Thus, patient care in the emergency department is quite different from other health care settings. It is important to be aware of these differences so that, as a medical student, you understand that the clinical and bedside skills needed to succeed in the emergency department are different from skills needed to succeed in other settings. Understanding and embracing these differences will allow for a more educational and enjoyable experience.
- Cherry DK, Woodwell DA, Rechtsteiner EA. National Ambulatory Medical Care Survey: 2005 summary. Advance Data From Vital Health and Statistics. 2007,387;1–40. Available at: http://www.cdc.gov/nchs/data/ad/ ad387.pdf. Accessed March 25, 2008.
- This article reviews nationally representative data on ambulatory care visits in the United States. Data are from the 2005 National Ambulatory Medical Care Survey (NAMCS).
- Middleton K, Hing E, Xu J. National Hospital Ambulatory Medical Care Survey: 2005 outpatient department summary. Advance Data From Vi-tal Health and Statistics. 2007,389;1–35. Available at: http://www.cdc.gov/nchs/ data/ad/ad389.pdf. Accessed March 25, 2008.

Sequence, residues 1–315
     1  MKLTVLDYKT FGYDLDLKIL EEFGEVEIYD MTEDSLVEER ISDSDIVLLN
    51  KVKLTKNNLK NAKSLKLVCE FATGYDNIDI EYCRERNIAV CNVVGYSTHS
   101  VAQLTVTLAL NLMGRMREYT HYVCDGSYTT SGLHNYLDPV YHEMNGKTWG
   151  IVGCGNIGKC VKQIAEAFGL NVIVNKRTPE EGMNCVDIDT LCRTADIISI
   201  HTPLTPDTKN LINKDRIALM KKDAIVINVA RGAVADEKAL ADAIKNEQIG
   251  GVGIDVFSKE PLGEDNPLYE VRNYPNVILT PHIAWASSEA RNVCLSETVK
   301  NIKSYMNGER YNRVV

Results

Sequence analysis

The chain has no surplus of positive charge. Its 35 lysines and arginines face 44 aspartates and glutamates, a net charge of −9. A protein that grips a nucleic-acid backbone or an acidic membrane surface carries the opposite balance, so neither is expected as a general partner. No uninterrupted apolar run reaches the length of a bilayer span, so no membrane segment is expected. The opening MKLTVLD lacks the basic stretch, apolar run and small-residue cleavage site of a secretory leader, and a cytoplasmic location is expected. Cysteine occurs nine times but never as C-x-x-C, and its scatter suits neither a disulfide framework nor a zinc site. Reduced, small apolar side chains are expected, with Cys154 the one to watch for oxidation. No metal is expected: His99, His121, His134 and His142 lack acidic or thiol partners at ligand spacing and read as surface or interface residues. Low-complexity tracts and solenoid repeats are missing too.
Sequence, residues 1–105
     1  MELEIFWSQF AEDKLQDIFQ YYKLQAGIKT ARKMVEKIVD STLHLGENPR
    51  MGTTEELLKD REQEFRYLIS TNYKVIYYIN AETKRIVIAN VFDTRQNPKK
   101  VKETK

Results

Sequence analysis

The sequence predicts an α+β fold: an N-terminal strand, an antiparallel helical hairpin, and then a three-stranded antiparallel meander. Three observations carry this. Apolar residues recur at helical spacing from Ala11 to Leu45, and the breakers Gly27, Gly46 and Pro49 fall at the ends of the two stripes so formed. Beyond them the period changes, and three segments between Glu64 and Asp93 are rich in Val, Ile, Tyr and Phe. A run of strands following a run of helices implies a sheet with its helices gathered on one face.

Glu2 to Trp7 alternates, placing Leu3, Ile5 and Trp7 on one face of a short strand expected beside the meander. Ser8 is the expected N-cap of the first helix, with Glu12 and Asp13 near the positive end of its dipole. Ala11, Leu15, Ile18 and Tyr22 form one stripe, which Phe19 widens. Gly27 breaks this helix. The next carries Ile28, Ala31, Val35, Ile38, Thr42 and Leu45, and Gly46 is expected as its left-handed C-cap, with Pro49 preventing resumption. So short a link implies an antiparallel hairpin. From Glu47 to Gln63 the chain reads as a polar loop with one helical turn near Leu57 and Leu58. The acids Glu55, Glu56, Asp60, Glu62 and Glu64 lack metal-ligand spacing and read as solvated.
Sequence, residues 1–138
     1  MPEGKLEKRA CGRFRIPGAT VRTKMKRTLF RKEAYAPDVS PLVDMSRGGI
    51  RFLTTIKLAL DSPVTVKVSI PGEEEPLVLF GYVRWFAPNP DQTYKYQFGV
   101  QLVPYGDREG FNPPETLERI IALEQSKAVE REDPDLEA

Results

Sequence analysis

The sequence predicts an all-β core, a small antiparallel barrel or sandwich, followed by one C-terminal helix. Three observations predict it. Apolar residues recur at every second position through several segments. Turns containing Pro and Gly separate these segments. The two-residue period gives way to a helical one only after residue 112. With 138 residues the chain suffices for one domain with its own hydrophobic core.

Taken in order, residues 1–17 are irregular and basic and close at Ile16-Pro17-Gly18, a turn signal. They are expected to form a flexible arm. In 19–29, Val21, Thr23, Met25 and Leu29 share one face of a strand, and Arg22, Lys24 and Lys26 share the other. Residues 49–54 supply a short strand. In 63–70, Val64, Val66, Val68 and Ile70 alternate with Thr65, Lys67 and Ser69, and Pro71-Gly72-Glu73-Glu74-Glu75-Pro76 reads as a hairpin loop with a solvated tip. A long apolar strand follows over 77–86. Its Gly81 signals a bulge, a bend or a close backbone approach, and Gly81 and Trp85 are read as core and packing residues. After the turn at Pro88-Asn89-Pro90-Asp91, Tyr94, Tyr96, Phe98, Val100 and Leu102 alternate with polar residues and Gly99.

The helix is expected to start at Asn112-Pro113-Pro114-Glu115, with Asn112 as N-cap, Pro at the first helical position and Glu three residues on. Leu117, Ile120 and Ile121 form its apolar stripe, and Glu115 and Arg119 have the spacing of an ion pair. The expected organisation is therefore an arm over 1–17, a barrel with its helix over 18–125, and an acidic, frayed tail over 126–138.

- This article reviews nationally representative data on ambulatory care visits in the United States. Data are from the 2005 National Hospital Ambulatory Medical Care Survey (NHAMCS).
- Owens P, Elixhauser A. Hospital Admissions That Began in the Emergency Department, 2003. Rockville, MD: Healthcare Cost and Utilization Project, Agency for Healthcare Quality and Research; 2006. Available at: http://www.hcup-us.ahrq.gov/reports/statbriefs/sb1.pdf. Accessed March 25, 2008.
- This document uses data from the Healthcare Cost and Utilization Project to identify hospital admissions that began in the emergency department.